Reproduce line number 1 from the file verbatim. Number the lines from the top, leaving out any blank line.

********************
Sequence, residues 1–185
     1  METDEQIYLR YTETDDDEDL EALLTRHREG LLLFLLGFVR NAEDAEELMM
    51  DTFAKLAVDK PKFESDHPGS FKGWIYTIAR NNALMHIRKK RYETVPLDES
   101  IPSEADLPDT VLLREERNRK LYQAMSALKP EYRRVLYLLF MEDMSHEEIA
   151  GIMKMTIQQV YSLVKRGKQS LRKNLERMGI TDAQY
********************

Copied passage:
Sequence, residues 1–185